You said the drain pan is the same, that seems to say that, it's opening is a proper fit. Have you looked into the differences in weight of the two units?
A/S seem to have several answer for a question.
This past summer, while there for some work on my unit, I asked about putting in a 'skylight' in the hallway area and, the ans I got back was,'the channel in the overhead was too narrow'. Which seemed odd to me but..I cured the problem by having lights installed in the wardroom closet and, the pantries area. That actually was cheaper and, works better~!~ Saves many choice words. lol
Another one, which still eludes me to this day, was..I wanted to replace the old TV ant with a satellite dish..But, once again..they said,' the roof structure would, in the long run, break down from the constant up/down motion while traveling..So, I'm still 98% original...lol
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Old 02-12-2003, 09:20 AM   #5
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I'm a while from A/C replacement myself but many of you who came from the Yahoo list may remember my woes on my second trip out with the brand new Safari on a 100 degree weekend in June 2001. My inside temps hit the middle to upper 80's in full sun. What was especially gauling was the fact that the fellow who bought my SOB which was the same size as my Airstream and which had a 13,500 BTU Brisk Air unit was parked next to me and was quite comfortable.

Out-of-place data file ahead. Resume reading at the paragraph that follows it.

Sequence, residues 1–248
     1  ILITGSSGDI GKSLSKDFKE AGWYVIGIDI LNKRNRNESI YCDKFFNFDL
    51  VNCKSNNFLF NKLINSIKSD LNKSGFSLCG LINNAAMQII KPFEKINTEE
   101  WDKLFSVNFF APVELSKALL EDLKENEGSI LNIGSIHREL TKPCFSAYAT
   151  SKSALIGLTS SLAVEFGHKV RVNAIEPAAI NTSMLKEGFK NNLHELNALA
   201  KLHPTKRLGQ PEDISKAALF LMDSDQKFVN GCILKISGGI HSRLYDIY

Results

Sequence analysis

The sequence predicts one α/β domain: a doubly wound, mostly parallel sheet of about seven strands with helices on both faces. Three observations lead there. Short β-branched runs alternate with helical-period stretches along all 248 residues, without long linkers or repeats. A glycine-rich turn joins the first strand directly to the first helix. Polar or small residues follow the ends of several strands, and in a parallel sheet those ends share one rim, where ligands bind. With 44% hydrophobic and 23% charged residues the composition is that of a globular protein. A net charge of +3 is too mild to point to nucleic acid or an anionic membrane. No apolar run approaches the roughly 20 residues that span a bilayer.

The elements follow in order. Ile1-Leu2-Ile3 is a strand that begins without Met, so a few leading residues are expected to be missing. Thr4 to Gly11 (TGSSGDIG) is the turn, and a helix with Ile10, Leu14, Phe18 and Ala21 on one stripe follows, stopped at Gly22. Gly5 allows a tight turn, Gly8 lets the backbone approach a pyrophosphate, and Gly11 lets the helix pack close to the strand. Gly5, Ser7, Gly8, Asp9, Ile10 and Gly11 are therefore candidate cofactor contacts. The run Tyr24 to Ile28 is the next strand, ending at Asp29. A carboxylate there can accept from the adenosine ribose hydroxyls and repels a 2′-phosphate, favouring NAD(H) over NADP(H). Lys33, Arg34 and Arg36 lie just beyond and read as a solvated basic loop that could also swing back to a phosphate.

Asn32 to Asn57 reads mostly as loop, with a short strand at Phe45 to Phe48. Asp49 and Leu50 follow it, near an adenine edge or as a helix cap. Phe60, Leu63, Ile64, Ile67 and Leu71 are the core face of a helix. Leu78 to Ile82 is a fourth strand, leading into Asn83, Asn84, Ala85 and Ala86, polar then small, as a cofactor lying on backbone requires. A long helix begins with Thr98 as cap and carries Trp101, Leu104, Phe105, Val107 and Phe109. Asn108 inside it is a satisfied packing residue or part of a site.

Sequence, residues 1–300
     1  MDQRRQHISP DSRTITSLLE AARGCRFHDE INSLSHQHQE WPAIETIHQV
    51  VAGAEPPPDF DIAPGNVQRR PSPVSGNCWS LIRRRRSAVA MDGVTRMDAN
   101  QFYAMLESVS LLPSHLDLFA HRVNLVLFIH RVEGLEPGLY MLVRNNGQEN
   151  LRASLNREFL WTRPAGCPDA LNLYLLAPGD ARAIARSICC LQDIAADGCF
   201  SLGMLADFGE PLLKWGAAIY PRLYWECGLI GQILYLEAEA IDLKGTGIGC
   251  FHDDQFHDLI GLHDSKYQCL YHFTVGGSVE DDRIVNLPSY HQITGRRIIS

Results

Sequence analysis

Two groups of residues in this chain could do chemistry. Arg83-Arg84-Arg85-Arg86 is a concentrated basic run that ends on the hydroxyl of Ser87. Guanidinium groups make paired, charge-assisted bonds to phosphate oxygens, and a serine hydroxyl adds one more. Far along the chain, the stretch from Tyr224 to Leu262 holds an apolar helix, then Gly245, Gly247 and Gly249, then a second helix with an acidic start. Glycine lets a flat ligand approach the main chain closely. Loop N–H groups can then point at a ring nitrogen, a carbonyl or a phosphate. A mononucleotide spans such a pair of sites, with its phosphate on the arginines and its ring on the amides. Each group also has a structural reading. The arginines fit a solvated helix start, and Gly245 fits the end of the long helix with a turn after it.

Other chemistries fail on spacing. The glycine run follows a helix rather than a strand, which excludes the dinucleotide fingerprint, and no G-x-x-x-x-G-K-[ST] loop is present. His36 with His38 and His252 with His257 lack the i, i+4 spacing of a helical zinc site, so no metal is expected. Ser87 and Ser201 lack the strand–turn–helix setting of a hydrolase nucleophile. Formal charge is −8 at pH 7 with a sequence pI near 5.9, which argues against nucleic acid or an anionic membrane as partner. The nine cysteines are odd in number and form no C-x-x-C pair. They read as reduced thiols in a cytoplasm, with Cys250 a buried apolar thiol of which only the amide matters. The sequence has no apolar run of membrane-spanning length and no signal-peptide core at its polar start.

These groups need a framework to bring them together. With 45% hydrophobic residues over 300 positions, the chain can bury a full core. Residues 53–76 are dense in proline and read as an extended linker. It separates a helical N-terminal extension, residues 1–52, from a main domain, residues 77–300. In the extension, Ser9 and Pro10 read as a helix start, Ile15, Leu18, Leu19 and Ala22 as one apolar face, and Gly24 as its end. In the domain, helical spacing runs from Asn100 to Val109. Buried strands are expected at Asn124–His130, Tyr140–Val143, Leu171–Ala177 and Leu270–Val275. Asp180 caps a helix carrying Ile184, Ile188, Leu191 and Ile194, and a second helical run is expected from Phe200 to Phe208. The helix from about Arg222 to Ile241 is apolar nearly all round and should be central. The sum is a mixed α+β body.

My local dealer couldn't find a problem, I took the trailer to Jackson Center where they looked for air intrusion (they realigned the door), I got the specs from Duo-Therm and we verified that the Penguin was operating within specs.

I finally wrote A/S and told them that in my opinion the unit was probably undersized. They told me that the unit I has was the largest available (in the Penguin model) and that it was the one used in the trailers from 27' to 34'. I asked, from a design level what was their expectation of temperature differential from inside to outside temps. (Most homes here in St. Louis are designed to hold temps 20 degrees below outside air.) The answer from Jackson Center was "we have no standards".

Bottom line as time has gone on I have picked up the vibes from a lot of folks that on most of the newer trailers, the 13,500 Penguin is marginal in very hot weather in full sun conditions. I wouldn't be surprised that the 15,000 BTU unit was welcomed by A/S. I personally don't know how a 34' trailer can be cooled adequately by a 13,500 unit. As a matter of fact I have seen a few 34' trailers with two units on the roof.